Main Street (Queens)

  (Redirected from Main Street, Queens)

Route map:

KML is from Wikidata

Main Street is a major north-south street in the borough of Queens in New York City, extending from Queens Boulevard in Briarwood to Northern Boulevard in Flushing. Created in the 17th century as one of Flushing's main roads, Main Street has been lengthened at various points in its existence.

Main Street
Crossing the LIRR tracks in Little Neck
Flushing Main Post Office on Main Street
OwnerCity of New York
Maintained byNYCDOT
Length3.9 mi[1] (6.3 km)
LocationQueens, New York City
South end I-678 / NY 25 in Briarwood
Grand Central Parkway in Kew Gardens Hills
I-495 in Queensboro Hill
North end NY 25A in Flushing

Route descriptionEdit

Map of the intersection of Main Street and Kissena Boulevard in 1891.

Main Street runs relatively north to south with two to three lanes in either direction, and serves as the major road for Flushing, Queens. It begins at an intersection with Northern Boulevard in Downtown Flushing, known also as Flushing Chinatown, one of New York City's largest Asian enclaves.[2][3] Just south of Roosevelt Avenue and the Long Island Rail Road overpass, Kissena Boulevard (formerly Jamaica Road) branches off from Main Street at a triangle, before traveling on a parallel course. After passing through Kissena Park, Main Street intersects with the Long Island Expressway north of Queens College.[4][5][6][7]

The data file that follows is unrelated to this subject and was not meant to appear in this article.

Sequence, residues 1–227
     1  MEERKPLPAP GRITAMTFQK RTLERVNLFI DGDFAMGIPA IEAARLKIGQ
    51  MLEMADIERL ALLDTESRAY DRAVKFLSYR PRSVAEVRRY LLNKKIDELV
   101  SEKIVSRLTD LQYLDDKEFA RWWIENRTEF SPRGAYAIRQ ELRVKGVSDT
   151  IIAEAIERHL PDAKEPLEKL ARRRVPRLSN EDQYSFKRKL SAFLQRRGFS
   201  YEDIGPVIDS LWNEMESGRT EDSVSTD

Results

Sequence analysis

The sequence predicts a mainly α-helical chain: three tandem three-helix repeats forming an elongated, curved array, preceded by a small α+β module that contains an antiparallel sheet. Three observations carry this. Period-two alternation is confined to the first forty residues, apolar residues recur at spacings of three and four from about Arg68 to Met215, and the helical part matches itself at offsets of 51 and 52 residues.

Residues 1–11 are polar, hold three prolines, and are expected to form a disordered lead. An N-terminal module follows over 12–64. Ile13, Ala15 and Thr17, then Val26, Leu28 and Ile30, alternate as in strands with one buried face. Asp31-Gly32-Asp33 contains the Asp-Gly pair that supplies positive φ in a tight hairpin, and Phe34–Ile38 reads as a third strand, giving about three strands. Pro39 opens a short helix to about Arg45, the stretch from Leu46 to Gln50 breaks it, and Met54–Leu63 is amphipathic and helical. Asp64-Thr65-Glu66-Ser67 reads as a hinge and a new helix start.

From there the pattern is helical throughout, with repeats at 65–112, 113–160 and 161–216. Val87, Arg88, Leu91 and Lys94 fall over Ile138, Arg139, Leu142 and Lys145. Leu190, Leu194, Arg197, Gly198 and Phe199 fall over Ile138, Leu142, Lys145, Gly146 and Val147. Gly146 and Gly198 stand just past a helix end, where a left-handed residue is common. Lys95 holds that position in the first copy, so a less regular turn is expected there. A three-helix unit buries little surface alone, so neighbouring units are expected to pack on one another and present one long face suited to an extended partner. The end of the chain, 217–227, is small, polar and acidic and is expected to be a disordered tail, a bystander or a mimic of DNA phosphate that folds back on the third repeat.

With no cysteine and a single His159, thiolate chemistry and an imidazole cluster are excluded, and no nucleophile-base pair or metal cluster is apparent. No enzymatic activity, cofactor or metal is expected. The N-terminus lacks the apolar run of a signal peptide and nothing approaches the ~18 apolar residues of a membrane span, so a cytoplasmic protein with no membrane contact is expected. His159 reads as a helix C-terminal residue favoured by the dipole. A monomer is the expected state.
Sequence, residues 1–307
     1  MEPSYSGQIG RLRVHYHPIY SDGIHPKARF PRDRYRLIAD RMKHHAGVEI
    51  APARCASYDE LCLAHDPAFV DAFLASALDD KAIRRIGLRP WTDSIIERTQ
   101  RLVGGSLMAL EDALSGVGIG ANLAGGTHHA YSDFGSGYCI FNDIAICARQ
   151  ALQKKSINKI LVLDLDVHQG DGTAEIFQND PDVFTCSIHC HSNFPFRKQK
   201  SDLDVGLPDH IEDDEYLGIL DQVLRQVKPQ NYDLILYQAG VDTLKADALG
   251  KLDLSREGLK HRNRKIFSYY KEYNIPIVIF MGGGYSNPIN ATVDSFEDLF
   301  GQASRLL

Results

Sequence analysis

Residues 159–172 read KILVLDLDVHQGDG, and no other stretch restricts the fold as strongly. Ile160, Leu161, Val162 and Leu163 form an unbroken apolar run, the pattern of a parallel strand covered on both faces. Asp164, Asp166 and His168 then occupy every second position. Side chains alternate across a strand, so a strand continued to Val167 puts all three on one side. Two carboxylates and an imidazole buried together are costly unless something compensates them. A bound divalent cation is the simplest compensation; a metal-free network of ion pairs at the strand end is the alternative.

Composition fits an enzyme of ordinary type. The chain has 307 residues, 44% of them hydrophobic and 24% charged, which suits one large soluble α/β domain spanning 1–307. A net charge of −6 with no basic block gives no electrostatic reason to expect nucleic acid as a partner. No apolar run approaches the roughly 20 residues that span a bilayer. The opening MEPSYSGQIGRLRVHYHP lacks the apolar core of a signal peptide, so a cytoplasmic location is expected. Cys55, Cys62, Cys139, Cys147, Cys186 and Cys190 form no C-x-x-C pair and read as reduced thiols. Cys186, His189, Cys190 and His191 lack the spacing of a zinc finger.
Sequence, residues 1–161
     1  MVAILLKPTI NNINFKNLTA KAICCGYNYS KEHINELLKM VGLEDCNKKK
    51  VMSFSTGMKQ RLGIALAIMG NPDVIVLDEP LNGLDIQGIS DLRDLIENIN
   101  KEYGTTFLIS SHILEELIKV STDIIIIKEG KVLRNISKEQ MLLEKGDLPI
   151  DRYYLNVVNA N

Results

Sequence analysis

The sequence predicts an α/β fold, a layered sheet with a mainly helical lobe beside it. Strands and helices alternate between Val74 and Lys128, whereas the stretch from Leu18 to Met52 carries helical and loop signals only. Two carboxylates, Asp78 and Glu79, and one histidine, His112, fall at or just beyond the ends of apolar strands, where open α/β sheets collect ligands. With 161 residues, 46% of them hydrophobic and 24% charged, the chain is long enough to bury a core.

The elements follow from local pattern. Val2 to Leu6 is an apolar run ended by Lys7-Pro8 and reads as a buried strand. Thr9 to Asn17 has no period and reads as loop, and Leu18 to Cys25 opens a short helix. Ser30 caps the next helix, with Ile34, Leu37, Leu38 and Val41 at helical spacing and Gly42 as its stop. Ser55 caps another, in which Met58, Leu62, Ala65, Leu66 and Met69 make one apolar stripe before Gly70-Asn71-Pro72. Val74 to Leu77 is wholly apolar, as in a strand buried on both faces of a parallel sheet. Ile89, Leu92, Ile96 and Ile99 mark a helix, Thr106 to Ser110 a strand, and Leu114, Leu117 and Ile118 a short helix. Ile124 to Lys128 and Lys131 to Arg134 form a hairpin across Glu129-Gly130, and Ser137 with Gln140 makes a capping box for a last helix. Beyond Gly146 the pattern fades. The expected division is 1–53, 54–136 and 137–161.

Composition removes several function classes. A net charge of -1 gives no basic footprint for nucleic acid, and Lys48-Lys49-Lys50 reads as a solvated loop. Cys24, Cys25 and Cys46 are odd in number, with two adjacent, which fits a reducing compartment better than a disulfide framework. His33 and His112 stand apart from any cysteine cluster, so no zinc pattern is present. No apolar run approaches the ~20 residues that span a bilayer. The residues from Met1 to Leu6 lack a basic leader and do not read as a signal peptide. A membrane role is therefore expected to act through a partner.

South of Queens College, it intersects with Jewel Avenue near the neighborhood of Pomonok.[4][5][6][7] The stretch of Main Street in Kew Gardens Hills south of the Long Island Expressway is home to a large Jewish community, including many Orthodox, Ashkenazi, and Bukharan Jews.[2][8][9] At the south end of Kew Gardens Hills near Jamaica, Main Street intersects with Union Turnpike and the Grand Central Parkway service road. Westbound Union Turnpike feeds into the Kew Gardens Interchange, connecting to the Grand Central, the Van Wyck Expressway, the Jackie Robinson Parkway, and Queens Boulevard.[4][5][6][7] Near its southern end, two entrance ramps branch off from the center of Main Street, feeding into the southbound Van Wyck. The two one-way spurs of Main Street run for three more blocks before ending in Briarwood, at adjacent intersections with Queens Boulevard.[4][5][6][7]


Intersection of Main Street and Kissena Boulevard in Downtown Flushing, 2015.
Main Street in foreground, interchange under construction around 1946.

The most congested area of Main Street is at its northern end in Downtown Flushing, between Sanford Avenue and Northern Boulevard. Other congestion points include the intersections with the Long Island Expressway; the Union Turnpike/Grand Central Parkway (GCP) interchange, from 73rd Avenue south to the GCP; and its southern terminus, at Queens Boulevard.[7]